Raised CSF leukocytes indicative of external CSF catheter-associated infection


Prof. V Nagarajan, Chairman & Head Neurosciences Research & Translational Task Force, ICMR, New Delhi; Chairman, IEC, Govt. Madurai Medical College; Director, VN Neuro Care Centre, Madurai    22 December 2022

Increase in the CSF leukocyte count in a patient with external ventricular CSF catheter is strongly suggestive of catheter-associated infection, according to a study carried out at a teaching hospital in The Hague, Netherlands and reported in the journal Neurology Clinical Practice.1


This single-center observational study included 103 patients in intensive care with an external ventricular CSF catheter for conditions like intracranial hemorrhage and CNS malignancies. Patients with CNS infection and those who were not expected to survive beyond a day were not included in the trial. Their median age was 61 years and almost half of the study population was female.


Data for Glasgow Coma Scale (GCS) and body temperature was gathered from the day of hospitalization to the day of discharge from the hospital. The definition proposed by the 2017 IDSA guidelines for Healthcare-Associated Ventriculitis and Meningitis was used to categorize patients with infection of the CSF drain catheter, which is “single or multiple positive CSF cultures with CSF pleocytosis and/or hypoglycorrhachia, or an increasing cell count, and clinical symptoms suspicious for ventriculitis or meningitis”.2 Day 0 was taken as the day when the positive culture sample was collected. In this study, the researchers aimed to examine the usefulness of clinical features including biochemical and microbiological parameters in the diagnosis of external ventricular CSF catheter-associated infection.


Analysis showed that catheter-associated infection developed in 15 of the 103 patients in a median time of 9 days (3-16 days). Patients with catheter infection also had longer median drainage time (13 vs 9 days). Eighty-five percent (11/13) of patients with infection were febrile (>38.0°C) compared to 56% (21/39) without the infection. While the sensitivity was 85%, the specificity was just 46%.


Ninety-two (8%) of 1158 CSF cultures were positive; of these 52 cultures were infections, while the remaining 40 were secondary to contamination and therefore considered to be “no infection” cases. CSF cultures were positive following CSF collection after a median of 3 days (ranging up to 8 days) after collecting the sample. A positive Gram stain could diagnose 8 out of the 15 patients (53%) with the infection.


On Day 0, it was difficult to distinguish between patients with infection or those without infection by any clinical parameter (GCS) or tests. However, the leukocytes in CSF were raised in patients with ventricular catheter-associated infection vs those who did not have an infection on Days +2 and +3. The CSF leukocyte count cut-off level was taken as >1,000 × 106/L. The between-group difference was most evident on day +2 (1,703 × 106/L vs 80 × 106/L). The percentage of polymorphonuclear cells (PMNs) was increased in patients with infection on days +1 and +2 (day +2 89% vs 59%). The sensitivity for the cut-off level of CSF leukocytes was 67% and the specificity was 100%. The positive predictive value (PPV) was 100%, while the negative predictive value was 92%. Daily CSF examination offered no added advantages.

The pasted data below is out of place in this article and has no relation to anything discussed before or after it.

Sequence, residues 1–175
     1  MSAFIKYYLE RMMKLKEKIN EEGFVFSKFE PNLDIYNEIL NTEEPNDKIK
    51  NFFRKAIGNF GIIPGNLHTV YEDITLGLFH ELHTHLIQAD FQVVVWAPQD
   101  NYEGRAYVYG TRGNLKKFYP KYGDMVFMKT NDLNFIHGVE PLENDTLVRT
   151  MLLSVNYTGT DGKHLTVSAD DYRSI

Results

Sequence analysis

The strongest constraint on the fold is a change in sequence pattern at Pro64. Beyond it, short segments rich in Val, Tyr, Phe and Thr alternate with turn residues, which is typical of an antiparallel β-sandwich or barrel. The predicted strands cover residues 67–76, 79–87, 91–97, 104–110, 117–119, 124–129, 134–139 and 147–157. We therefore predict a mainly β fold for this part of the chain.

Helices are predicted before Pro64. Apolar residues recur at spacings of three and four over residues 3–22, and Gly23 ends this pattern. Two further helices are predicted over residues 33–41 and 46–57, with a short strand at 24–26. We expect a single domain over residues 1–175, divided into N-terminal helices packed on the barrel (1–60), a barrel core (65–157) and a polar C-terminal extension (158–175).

Diagnosis of ventricular catheter-associated infection is not easy. The gold standard test for the diagnosis of ventricular catheter-associated infection is CSF culture. However, culture results may take days, which may not even be positive. False negative results are often obtained. So, antibiotics are started empirically.


This study has shown that in patients with an external ventricular CSF catheter, a raised CSF leukocyte count and an increased percentage of PMNs are strongly indicative of catheter-associated infection much before culture results are available. Positive Gram staining was diagnostic for the catheter-associated infection with a PPV of 100%, note the authors. CSF Gram staining is therefore recommended to be done as a routine in patients with suspected catheter-associated infection.




  1. Dorresteijn KI, et al. Diagnostic accuracy of clinical signs and biochemical parameters for external ventricular CSF catheter-associated infection. Neurol Clin Pract. 2022 Aug;12(4):298-306. doi: 10.1212/CPJ.0000000000200059.
  2. Tunkel AR, et al.2017 Infectious Diseases Society of Americas clinical practice guidelines for healthcare-associated ventriculitis and meningitis. Clin Infect Dis. 2017 Mar 15;64(6):e34-e65. doi: 10.1093/cid/ciw861.

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